Wednesday, December 22, 2010

Doha Round to conclude?

The Doha Round of trade negotiations at the WTO has been underway since 2001.  Every so often one could read about talks "collapsing", deadlines being missed and/or extended, and various commentaries about how awful it was that there was no agreement yet.

All of which strikes me as overblown.  Yep, trade negotiations at the WTO take a long time - especially since the talks now feature effective involvement by many more countries with a greater diversity of economic development and interests.  What else could you expect?  Surely, any new agreement would require years of talking first, and waiting to see how things are working out under the last big trade agreement (which was a pretty major change - establishing the WTO).

Anyway, there are thoughts that the Doha Round may conclude next year.

Thursday, December 16, 2010

CETA talks moving along...

An article appeared in the National Post today by John Ivison discussing the Europe/Canada free trade deal talks.  The article specifically brings up the pharmaceutical/IP issue as a stumbling block:

One sleeper issue could yet derail the whole process. Most of the negotiations should be encouraged, since they are likely to reduce the costs to consumers on both sides of the Atlantic.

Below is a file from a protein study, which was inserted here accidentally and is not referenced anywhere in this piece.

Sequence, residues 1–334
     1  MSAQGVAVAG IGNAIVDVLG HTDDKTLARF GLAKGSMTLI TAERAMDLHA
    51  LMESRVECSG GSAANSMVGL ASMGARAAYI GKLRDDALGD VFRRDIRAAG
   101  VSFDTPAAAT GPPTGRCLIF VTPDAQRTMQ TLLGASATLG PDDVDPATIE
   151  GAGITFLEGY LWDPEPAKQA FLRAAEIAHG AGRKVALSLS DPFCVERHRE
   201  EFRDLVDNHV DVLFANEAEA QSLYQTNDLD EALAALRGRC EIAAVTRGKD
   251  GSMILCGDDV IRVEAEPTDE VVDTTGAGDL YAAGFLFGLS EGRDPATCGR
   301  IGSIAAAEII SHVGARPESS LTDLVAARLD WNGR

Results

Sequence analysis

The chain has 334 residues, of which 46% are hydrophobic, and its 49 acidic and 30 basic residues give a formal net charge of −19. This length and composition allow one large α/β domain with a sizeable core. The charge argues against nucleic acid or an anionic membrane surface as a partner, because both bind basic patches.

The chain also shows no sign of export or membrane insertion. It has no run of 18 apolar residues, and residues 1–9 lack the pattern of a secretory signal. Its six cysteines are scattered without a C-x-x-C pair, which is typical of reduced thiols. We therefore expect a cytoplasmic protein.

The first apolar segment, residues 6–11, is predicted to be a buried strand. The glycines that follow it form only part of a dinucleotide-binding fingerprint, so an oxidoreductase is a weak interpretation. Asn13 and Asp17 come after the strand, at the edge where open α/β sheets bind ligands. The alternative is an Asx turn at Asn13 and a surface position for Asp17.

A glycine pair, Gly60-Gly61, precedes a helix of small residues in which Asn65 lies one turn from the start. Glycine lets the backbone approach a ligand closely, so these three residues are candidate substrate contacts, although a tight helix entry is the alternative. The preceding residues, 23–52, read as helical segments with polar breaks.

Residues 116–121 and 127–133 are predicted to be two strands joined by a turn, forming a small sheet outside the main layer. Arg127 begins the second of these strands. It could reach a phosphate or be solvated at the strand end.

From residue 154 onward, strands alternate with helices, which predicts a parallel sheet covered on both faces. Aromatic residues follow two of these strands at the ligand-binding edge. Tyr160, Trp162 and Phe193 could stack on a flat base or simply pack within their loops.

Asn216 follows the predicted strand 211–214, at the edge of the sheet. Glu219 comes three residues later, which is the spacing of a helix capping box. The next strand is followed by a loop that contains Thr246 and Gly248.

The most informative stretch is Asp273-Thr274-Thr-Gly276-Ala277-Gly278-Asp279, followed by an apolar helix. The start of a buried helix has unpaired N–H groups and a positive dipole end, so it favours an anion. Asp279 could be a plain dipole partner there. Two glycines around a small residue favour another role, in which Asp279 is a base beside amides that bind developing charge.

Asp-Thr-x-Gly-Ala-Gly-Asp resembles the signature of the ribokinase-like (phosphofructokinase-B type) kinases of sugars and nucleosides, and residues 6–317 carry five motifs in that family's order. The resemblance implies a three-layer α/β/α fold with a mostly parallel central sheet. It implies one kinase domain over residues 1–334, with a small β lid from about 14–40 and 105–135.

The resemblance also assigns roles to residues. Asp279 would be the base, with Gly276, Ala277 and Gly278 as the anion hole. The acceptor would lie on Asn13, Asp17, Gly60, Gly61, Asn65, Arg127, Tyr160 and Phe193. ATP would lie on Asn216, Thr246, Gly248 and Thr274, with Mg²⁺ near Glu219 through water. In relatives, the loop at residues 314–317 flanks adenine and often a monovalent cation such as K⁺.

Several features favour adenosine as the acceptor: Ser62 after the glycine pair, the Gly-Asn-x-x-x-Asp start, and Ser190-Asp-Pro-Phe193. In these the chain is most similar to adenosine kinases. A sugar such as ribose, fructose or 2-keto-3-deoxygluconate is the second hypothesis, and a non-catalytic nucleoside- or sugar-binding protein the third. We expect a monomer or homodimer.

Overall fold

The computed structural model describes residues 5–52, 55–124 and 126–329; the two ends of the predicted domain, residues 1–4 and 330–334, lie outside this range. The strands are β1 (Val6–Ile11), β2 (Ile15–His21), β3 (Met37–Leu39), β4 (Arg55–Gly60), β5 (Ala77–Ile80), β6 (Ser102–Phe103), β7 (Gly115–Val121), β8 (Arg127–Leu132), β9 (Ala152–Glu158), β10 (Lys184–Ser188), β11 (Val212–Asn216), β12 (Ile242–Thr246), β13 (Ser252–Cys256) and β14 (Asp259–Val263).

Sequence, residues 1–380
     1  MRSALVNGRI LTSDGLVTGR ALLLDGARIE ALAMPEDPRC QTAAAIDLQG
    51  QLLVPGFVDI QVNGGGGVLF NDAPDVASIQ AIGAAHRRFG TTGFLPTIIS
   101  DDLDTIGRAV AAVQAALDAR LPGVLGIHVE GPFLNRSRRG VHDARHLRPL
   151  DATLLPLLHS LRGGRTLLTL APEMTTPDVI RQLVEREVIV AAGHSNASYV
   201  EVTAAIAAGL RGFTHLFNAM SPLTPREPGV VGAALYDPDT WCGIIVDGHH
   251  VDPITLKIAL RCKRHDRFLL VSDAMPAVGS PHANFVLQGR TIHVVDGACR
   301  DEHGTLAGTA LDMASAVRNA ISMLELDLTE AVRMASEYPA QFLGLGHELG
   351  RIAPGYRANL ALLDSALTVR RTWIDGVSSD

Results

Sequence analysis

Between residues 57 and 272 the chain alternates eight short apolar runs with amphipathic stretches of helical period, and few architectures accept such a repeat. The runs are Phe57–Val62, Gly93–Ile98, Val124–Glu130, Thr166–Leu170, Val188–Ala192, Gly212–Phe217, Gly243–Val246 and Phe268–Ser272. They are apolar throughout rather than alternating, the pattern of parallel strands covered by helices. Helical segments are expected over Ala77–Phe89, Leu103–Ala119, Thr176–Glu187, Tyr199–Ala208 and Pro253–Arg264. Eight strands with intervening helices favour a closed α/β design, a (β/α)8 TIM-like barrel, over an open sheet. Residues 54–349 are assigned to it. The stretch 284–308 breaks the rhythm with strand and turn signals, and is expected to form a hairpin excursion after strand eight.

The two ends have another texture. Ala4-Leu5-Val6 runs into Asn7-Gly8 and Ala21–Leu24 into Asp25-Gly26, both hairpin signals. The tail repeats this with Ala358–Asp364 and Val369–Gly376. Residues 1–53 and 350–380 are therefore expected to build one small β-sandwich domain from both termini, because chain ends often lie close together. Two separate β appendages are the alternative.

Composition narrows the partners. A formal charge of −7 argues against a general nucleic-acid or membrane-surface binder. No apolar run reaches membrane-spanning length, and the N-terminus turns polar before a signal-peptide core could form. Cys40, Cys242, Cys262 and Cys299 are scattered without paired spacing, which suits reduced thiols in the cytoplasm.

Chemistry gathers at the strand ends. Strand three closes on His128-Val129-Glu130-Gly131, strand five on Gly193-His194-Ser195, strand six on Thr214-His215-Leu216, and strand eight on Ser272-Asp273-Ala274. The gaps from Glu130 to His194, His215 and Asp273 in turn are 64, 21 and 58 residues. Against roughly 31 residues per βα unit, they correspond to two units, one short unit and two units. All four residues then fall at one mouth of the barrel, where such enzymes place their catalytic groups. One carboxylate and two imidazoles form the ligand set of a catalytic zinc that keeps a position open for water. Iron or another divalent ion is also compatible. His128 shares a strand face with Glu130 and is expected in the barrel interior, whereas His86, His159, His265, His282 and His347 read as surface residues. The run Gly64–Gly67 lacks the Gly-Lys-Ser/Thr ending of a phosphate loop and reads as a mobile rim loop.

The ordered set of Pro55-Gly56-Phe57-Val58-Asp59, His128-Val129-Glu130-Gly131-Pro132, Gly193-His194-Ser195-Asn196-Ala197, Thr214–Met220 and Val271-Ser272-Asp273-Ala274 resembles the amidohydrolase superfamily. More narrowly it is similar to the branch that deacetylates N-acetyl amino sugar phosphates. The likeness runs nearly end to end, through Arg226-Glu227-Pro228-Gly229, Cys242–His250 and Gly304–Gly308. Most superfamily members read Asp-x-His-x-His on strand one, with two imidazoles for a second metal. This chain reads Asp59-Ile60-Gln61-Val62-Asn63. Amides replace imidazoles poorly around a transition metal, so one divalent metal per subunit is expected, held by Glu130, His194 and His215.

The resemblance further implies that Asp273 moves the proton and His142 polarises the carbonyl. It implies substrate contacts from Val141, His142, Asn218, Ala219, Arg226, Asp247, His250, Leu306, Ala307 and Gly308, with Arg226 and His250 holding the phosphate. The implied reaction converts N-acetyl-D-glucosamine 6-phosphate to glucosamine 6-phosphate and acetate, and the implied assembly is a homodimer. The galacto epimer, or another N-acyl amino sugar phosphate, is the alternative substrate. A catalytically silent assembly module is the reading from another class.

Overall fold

However, the European Union is pressing for intellectual property changes that would give brand name drugs several years more of patent protection, delaying the entry into the market of cheaper generic drugs.

In the House of Commons, NDP MP Peter Julian asked Mr. Van Loan if the government has done any due diligence on what this would mean for provincial drug plans. The answer was equivocal but it is clear any such agreement would increase costs to provinces already battling soaring health costs.

One drug, Pfizer’s Lipitor had annual sales of $1.3-billion in Canada during its last year of patent protection, which ended in July. Generic versions of the drug are now being sold for 25% of that price, which would mean provinces would be paying an extra $1-billion this year if the EU’s rule was in place. The brand-name companies argue this is short-sighted and that Canada will be by-passed when the latest drugs come out if it doesn’t fall into line with the EU on patents. It remains to be seen whether the provinces buy that argument.